26. Hi Philip,

    LDL are components of the immune system. They sense toxins/pathogens and when they meet one they grab it, become oxLDL, are taken in by macrophages, the macrophages grab the toxins and present it on an MHC molecule for antibody generation. Think of LDL as the scouts of the immune system.

    LDL that is more sensitive, like sdLDL or antioxidant-free LDL, makes the immune system more sensitive. LDL that is less sensitive makes for a less sensitive immune system.

    Toning down immunity can be good or bad, but in general, the healthier your diet and body, the more you want the immune system to be sensitive. The worse your diet, the more you want the immune system to be insensitive, otherwise it will overreact to all the dietary toxins you are giving it, leading to excessive inflammation.

  27. Hi Paul

    Great summary… I learned something new today.

    Given that is the case – one would presume this reinforces the necessity for stuff like Garlic and onion which possess anti bacterial, anti fungal and anti viral properties? Your comment also reinforces the need to get the balance between omega 3 and 6 in the right proportions to tone up or down immune response…

    What is your hypothesis on exercise protocol to minimise oxidation of LDL…?

  28. Your quote on Breuning was incomplete. He DID eat cake for his birthday.

    “Breuning celebrated his 113th birthday with not one, but two cakes, one chocolate and one vanilla. And for his birthday lunch he got his favorite: liver and onions.”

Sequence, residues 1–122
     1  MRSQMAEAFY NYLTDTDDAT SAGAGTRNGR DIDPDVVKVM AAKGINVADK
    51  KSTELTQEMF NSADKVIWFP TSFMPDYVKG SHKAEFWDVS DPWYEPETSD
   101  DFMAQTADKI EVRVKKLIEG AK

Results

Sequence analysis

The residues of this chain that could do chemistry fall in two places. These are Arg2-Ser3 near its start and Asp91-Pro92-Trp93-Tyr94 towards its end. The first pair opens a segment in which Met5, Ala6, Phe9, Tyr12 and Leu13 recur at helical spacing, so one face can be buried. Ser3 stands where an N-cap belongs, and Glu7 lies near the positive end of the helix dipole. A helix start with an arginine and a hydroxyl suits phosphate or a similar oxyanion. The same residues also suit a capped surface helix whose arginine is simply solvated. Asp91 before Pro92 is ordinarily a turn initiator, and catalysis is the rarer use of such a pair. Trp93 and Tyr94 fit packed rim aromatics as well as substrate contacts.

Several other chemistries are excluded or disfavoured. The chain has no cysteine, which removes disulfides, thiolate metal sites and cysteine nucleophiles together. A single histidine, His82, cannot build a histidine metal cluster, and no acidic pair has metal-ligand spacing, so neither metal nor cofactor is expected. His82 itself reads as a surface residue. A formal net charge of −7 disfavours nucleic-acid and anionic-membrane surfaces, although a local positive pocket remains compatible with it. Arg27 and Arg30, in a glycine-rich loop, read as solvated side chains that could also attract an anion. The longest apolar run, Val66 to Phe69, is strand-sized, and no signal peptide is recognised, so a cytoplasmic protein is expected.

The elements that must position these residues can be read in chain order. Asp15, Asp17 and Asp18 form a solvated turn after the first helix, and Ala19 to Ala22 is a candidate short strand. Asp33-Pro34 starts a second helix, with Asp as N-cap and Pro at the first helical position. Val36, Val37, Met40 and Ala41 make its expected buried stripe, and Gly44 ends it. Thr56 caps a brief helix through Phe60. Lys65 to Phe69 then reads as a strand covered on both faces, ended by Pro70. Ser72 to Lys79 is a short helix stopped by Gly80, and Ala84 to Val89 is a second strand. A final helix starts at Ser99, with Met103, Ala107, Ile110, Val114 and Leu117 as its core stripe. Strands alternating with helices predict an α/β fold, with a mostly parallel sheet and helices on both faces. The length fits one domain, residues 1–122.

29. “Breuning, chatting with a succession of people, ate a few bites of a vanilla slice of birthday cake baked by Sam’s Club.”


  30. Dr. Jaminet,

    After immersing myself in Ray Peat and Danny Roddy, I find your ideas a refreshing counterbalance, particularly the entry on diet and mood. I’m 62 years old and afflicted with treatment resistant ultradian cycling bipolar illness. I did learn some things from Ray Peat’s writings, such as using a small dose of my daily Cytomel at night to lower cortisol and get me to sleep and using glycine(gelatin did not agree with me). But trying to increase my carbs via orange juice, fruit and simple syrup hasn’t set well with my stomach. 🙁

    I’m a former vegetarian now consuming fish but my wife, who is still a vegetarian, would stroke out if I started eating meat or chicken, though I do eat it on the sly.

    Your articles and the posted responses are uplifting and informative and I will utilize your research and that of other contributors in my quest to bring my illness under control as well as improve my health.

  31. AHS 2012: The Safe Starches Panel | Perfect Health Diet - pingback on August 18, 2012 at 1:11 pm
  32. Hi Paul

    Read your book and found it made very much sense to me. So I’m trying to adapt to it in a world filled with sugar and bread. I was wondering what your take is on this article about italian centenarians:


    Best regards

  33. Thursday 9.13.12 | Crossfit Murphy - pingback on September 12, 2012 at 8:46 pm
  34. Doesn’t sound like a bunch of happy people.

    Whats the point in living a long life if you’re not living it. They sound more like bunch of scared of death parasites.

  35. What are centenarians eating? | Fun And Educational .com - pingback on October 10, 2012 at 12:45 am
  36. One more thing regarding Calment – she used to smoke a couple cigarettes per day and gave it up only because her eyesight was failing. Not that I’m recommending smoking to anyone. 😉

  37. I would like to point out that there are other notable super-centenarians such as Christian Mortensen, and Bernando Lapollo who ate/eat vegetarian diets and exceeded the age of 110 years old.